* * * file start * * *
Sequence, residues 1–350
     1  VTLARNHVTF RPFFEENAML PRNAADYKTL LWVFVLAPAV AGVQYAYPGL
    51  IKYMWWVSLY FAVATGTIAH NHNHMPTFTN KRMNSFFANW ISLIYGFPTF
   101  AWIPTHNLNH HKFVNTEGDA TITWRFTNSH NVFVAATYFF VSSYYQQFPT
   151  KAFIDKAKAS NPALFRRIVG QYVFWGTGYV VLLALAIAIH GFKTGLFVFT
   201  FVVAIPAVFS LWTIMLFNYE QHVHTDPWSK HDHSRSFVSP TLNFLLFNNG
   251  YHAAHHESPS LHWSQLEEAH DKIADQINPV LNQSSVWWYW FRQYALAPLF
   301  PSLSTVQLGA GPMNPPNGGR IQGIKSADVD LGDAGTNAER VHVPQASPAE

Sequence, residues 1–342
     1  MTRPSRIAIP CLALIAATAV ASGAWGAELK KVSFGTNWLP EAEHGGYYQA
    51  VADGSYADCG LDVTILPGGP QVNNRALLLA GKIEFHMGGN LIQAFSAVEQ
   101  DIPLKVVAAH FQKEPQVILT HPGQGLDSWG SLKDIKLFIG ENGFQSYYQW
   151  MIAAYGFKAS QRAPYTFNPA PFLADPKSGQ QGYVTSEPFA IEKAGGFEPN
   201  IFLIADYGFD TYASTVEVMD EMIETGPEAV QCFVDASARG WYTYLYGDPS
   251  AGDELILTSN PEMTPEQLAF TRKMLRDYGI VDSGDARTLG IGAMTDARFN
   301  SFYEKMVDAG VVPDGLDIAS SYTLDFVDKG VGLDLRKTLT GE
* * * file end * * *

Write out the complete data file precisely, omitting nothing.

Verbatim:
Sequence, residues 1–350
     1  VTLARNHVTF RPFFEENAML PRNAADYKTL LWVFVLAPAV AGVQYAYPGL
    51  IKYMWWVSLY FAVATGTIAH NHNHMPTFTN KRMNSFFANW ISLIYGFPTF
   101  AWIPTHNLNH HKFVNTEGDA TITWRFTNSH NVFVAATYFF VSSYYQQFPT
   151  KAFIDKAKAS NPALFRRIVG QYVFWGTGYV VLLALAIAIH GFKTGLFVFT
   201  FVVAIPAVFS LWTIMLFNYE QHVHTDPWSK HDHSRSFVSP TLNFLLFNNG
   251  YHAAHHESPS LHWSQLEEAH DKIADQINPV LNQSSVWWYW FRQYALAPLF
   301  PSLSTVQLGA GPMNPPNGGR IQGIKSADVD LGDAGTNAER VHVPQASPAE

Sequence, residues 1–342
     1  MTRPSRIAIP CLALIAATAV ASGAWGAELK KVSFGTNWLP EAEHGGYYQA
    51  VADGSYADCG LDVTILPGGP QVNNRALLLA GKIEFHMGGN LIQAFSAVEQ
   101  DIPLKVVAAH FQKEPQVILT HPGQGLDSWG SLKDIKLFIG ENGFQSYYQW
   151  MIAAYGFKAS QRAPYTFNPA PFLADPKSGQ QGYVTSEPFA IEKAGGFEPN
   201  IFLIADYGFD TYASTVEVMD EMIETGPEAV QCFVDASARG WYTYLYGDPS
   251  AGDELILTSN PEMTPEQLAF TRKMLRDYGI VDSGDARTLG IGAMTDARFN
   301  SFYEKMVDAG VVPDGLDIAS SYTLDFVDKG VGLDLRKTLT GE